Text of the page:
"I'm going to speak my mind because I have nothing to lose."--S.I. Hayakawa

Thursday, September 24, 2009

The Russian Journals, Part Three, Humoring the OCD

The Crew

I’ve already introduced Captain Vladimir Kotik and Sailor, the cat that actually runs the boat. But, I’m going to show you a couple more pictures to prove to you what good buds the captain and I became. Truly. He let me steer the ship. (It was on auto-pilot in the middle of a huge lake.) He had his picture taken with me. (I, along with all the other tourii, had our pictures taken with him.)

Our second day on board, two important things happened. We’d been out all day touring Moscow city, which I’ll tell you about later. Then, we had to rush back to the boat for life boat drill (again, later), and the Captain’s reception, followed by the Captain’s dinner. This is traditional on big boat cruises, and apparently on little boat cruises as well. It is a dressy affair, with men in suits (tuxes on big boats) and women in cocktail gowns.

Many in my group passed on the reception. I donned my best black slacks, my best black tee shirt, and my wrinkly (on purpose) purple whatever-it’s-called. Not a sweater or a jacket, but like a dressy over-shirt. Tells you how much I dress up. Then, up to the conference hall on the top deck, where someone handed me a flute of champagne and it all went downhill from there in the behavior department.

I should tell you that I am shy and meek. I don’t do well in crowds, or around strangers. But, doggone, these people kept reading my nametag that had “Alaska” under my name, and everyone wanted to ask about The Sarah. You know—Sarah Palin. I got to yakking with Bill and Lois from Wisconsin, and Bill, devil that he is, started egging me on and pretty soon I was up front with the musicians while he took my picture, just to prove what an idiot I was.

By that time I was feeling pretty smart (champagne will do that to me) and when another man asked me how far Moose Pass was from where Sarah Palin lived, “Not far enough” blurted out of my smart mouth. Every time he saw me after that, he told me what a great remark it was. At the end of the trip, as we were all leaving, he came up to me and said, “You still had the best line of the trip.”

Oh, I seem to have gotten off track. Let’s go back to the Captain’s reception. Here’s a photo—somewhat wobbly, though—of the crew. Well, most of the crew. I didn’t see any of our dining room servers there.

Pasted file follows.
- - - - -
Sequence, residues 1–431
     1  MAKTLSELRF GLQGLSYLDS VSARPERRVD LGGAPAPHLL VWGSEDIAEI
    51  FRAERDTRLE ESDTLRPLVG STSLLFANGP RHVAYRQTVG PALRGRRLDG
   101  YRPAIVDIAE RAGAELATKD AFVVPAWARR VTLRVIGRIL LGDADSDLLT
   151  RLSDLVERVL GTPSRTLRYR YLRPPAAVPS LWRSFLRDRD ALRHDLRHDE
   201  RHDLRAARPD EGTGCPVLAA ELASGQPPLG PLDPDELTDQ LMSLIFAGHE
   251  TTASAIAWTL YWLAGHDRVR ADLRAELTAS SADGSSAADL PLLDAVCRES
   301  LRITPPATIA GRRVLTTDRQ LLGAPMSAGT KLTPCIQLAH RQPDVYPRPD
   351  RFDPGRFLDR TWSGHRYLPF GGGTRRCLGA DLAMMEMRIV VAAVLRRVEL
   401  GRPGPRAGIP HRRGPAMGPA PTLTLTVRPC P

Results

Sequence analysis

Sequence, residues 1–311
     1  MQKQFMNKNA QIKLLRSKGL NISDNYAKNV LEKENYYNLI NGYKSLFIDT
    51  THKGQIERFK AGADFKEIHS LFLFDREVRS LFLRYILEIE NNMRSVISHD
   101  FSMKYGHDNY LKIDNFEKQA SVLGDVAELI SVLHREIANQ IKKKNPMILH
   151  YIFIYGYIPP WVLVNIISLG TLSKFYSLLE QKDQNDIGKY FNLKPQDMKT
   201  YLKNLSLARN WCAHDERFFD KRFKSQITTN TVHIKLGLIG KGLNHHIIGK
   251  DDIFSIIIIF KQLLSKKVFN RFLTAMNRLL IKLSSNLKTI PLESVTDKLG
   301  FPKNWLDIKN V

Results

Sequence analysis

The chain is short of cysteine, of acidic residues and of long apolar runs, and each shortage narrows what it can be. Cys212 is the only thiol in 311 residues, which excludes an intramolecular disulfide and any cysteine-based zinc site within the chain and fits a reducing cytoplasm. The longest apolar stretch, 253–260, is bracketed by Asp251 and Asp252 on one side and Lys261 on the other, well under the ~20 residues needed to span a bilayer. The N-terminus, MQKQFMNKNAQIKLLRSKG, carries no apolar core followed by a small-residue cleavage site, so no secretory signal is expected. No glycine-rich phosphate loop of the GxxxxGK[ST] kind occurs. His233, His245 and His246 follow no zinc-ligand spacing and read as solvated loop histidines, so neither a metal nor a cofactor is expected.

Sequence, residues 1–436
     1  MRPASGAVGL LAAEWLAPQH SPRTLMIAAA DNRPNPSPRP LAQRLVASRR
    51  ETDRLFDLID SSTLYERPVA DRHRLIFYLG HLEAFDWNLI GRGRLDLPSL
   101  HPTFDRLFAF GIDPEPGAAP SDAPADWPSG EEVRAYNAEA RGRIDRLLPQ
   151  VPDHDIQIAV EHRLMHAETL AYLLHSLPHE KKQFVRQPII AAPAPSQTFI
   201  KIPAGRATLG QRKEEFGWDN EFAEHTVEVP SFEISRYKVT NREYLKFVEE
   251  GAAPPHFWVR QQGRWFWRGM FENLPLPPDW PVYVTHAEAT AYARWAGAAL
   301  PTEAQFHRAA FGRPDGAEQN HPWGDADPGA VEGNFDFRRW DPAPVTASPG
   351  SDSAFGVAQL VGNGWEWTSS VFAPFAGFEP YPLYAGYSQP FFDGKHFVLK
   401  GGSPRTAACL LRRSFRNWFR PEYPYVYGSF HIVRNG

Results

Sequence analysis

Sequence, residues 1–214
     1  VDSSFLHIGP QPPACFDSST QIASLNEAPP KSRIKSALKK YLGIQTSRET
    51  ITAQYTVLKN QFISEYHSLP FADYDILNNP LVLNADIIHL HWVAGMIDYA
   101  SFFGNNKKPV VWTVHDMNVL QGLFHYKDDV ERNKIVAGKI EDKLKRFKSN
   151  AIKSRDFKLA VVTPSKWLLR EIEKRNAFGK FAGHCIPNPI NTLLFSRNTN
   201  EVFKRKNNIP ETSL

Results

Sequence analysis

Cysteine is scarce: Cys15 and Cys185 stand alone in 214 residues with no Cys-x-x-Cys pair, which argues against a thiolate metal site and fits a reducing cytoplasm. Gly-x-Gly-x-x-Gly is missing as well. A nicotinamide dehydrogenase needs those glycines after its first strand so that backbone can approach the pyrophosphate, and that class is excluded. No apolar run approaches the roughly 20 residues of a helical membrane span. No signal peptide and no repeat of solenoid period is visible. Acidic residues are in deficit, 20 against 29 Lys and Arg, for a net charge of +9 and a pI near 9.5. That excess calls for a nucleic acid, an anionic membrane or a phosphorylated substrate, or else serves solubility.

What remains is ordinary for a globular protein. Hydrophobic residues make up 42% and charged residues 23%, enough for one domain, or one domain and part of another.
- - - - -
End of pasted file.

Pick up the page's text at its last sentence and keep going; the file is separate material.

Here are the accordion guy and the balalaika guy. I love balalaika music. The balalaika is a musical instrument of Russian origin, something like a guitar, but triangular in shape. Most have three strings and are played with the fingers or a leather plectra (pick).

You can lots more info and audio if you Google “balalaika.” As for the accordion, well actually, the concertina is my favorite of the two—probably because a friend of mine is a master concertina maestro. (Is that redundant?) But, accordion it was, and I love Russian music too.

You’ve already seen the singer in the photo of me with the group. Then, there were the two folk dancers. I don’t know their names, either. I’m bad that way.

Oh, my knees hurt just watching this. Why? Because one night in the Double Musky ski crowd bar a long, long time ago, when I was far too smart for my own good, I did this thing--this knee-kick called the kasachok. I couldn't walk for three days, then three more weeks without ferocious pain. I've had shin splints ever since.

Next are some of the wait staff, the ones we saw most often.

They seemed to wear different traditions costumes almost every night. I began to wonder if the whole first deck wasn't a huge wardrobe closet for them.

Then, our own personal waiter, Andrew. He celebrated his 24th birthday during the cruise and was late for work the next morning. He also had bed head. He was a doll. Kathy made him a birthday card, and we all added some words and some rubles.

That's sweety Andrew with some gal. I don't know who she is.

And that’s the crew. Next I’ll tell you about the canals, rivers, lakes, reservoirs, and waterways of our journey.

(to be continued)

PS: Fess up time. Before you get any really, really wrong ideas, I didn't finish that glass of champagne at the Captain's reception.


  1. And why, may I ask, didn't you empty your champagne glass? Were you afraid that you might really get confident, grab the microphone and start entertaining the crowd by singing or storytelling?

    More...more...more, please.

  2. It is a dressy affair, with men in suits (tuxes on big boats) and women in cocktail gowns.

    My Oh My. That would rule-us-out me thinks. Liked your black slacks and black tee shirt and wrinkly purple what ever .. Cap and Patti